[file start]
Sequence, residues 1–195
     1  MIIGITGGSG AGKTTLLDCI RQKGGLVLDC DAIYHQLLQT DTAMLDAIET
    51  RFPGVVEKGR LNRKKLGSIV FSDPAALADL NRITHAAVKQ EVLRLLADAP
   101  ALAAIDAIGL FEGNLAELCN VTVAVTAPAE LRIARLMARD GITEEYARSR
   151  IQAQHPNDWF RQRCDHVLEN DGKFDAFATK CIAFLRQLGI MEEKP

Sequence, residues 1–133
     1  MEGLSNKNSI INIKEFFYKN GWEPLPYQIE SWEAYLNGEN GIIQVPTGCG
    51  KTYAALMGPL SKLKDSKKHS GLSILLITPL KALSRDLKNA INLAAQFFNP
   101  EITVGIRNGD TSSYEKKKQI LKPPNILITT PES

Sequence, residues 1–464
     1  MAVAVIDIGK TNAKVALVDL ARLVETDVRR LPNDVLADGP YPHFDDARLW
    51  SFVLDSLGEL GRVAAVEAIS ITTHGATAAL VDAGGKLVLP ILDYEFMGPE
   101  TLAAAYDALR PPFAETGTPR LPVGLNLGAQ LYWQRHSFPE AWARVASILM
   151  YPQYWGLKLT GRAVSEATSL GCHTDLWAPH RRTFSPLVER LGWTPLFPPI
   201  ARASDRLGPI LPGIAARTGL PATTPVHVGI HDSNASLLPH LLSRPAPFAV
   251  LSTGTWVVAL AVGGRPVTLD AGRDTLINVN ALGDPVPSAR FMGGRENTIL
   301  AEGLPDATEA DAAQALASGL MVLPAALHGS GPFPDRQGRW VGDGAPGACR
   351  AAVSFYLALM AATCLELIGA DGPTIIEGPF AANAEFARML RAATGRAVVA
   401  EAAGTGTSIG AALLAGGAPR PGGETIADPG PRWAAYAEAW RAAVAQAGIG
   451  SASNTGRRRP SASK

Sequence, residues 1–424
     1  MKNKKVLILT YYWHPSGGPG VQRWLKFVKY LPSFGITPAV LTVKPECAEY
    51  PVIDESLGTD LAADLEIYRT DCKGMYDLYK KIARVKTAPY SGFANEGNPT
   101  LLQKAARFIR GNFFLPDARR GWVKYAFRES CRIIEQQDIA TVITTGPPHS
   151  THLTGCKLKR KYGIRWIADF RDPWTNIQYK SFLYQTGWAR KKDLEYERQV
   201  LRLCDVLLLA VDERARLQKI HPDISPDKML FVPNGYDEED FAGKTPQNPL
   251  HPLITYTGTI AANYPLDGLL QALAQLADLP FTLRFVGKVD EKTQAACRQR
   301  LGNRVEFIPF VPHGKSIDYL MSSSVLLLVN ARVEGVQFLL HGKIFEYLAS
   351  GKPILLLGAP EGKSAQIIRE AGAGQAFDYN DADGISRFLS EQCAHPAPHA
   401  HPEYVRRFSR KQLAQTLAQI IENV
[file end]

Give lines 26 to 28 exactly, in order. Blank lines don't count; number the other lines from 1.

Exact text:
   201  LRLCDVLLLA VDERARLQKI HPDISPDKML FVPNGYDEED FAGKTPQNPL
   251  HPLITYTGTI AANYPLDGLL QALAQLADLP FTLRFVGKVD EKTQAACRQR
   301  LGNRVEFIPF VPHGKSIDYL MSSSVLLLVN ARVEGVQFLL HGKIFEYLAS